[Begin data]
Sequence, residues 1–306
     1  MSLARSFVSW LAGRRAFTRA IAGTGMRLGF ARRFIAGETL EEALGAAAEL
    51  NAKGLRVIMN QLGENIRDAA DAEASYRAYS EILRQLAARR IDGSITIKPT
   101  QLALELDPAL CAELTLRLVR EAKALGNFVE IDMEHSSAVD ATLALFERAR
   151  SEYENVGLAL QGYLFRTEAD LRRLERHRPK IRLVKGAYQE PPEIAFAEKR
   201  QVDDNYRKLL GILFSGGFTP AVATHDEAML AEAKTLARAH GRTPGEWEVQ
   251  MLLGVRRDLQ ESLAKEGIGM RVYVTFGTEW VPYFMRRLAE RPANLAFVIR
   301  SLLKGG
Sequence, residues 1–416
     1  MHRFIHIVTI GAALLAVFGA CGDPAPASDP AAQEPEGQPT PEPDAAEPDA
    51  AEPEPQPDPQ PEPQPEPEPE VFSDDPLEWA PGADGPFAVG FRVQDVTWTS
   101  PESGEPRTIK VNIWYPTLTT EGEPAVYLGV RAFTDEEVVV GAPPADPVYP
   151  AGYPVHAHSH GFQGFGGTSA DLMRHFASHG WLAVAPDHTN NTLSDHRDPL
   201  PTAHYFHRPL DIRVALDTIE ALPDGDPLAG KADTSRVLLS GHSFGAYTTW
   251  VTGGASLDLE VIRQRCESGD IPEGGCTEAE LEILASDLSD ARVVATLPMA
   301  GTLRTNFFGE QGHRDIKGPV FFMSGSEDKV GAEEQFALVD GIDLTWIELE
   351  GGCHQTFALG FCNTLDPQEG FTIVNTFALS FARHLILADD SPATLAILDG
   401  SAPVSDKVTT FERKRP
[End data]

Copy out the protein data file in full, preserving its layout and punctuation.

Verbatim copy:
Sequence, residues 1–306
     1  MSLARSFVSW LAGRRAFTRA IAGTGMRLGF ARRFIAGETL EEALGAAAEL
    51  NAKGLRVIMN QLGENIRDAA DAEASYRAYS EILRQLAARR IDGSITIKPT
   101  QLALELDPAL CAELTLRLVR EAKALGNFVE IDMEHSSAVD ATLALFERAR
   151  SEYENVGLAL QGYLFRTEAD LRRLERHRPK IRLVKGAYQE PPEIAFAEKR
   201  QVDDNYRKLL GILFSGGFTP AVATHDEAML AEAKTLARAH GRTPGEWEVQ
   251  MLLGVRRDLQ ESLAKEGIGM RVYVTFGTEW VPYFMRRLAE RPANLAFVIR
   301  SLLKGG
Sequence, residues 1–416
     1  MHRFIHIVTI GAALLAVFGA CGDPAPASDP AAQEPEGQPT PEPDAAEPDA
    51  AEPEPQPDPQ PEPQPEPEPE VFSDDPLEWA PGADGPFAVG FRVQDVTWTS
   101  PESGEPRTIK VNIWYPTLTT EGEPAVYLGV RAFTDEEVVV GAPPADPVYP
   151  AGYPVHAHSH GFQGFGGTSA DLMRHFASHG WLAVAPDHTN NTLSDHRDPL
   201  PTAHYFHRPL DIRVALDTIE ALPDGDPLAG KADTSRVLLS GHSFGAYTTW
   251  VTGGASLDLE VIRQRCESGD IPEGGCTEAE LEILASDLSD ARVVATLPMA
   301  GTLRTNFFGE QGHRDIKGPV FFMSGSEDKV GAEEQFALVD GIDLTWIELE
   351  GGCHQTFALG FCNTLDPQEG FTIVNTFALS FARHLILADD SPATLAILDG
   401  SAPVSDKVTT FERKRP